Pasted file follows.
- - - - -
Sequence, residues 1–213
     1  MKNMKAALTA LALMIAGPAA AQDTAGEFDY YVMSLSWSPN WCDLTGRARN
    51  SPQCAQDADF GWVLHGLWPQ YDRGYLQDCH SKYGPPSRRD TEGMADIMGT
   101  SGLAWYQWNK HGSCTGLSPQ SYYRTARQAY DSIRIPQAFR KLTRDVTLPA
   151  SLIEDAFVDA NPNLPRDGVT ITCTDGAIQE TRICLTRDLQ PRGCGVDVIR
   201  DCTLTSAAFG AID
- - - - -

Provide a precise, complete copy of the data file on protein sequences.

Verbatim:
Sequence, residues 1–213
     1  MKNMKAALTA LALMIAGPAA AQDTAGEFDY YVMSLSWSPN WCDLTGRARN
    51  SPQCAQDADF GWVLHGLWPQ YDRGYLQDCH SKYGPPSRRD TEGMADIMGT
   101  SGLAWYQWNK HGSCTGLSPQ SYYRTARQAY DSIRIPQAFR KLTRDVTLPA
   151  SLIEDAFVDA NPNLPRDGVT ITCTDGAIQE TRICLTRDLQ PRGCGVDVIR
   201  DCTLTSAAFG AID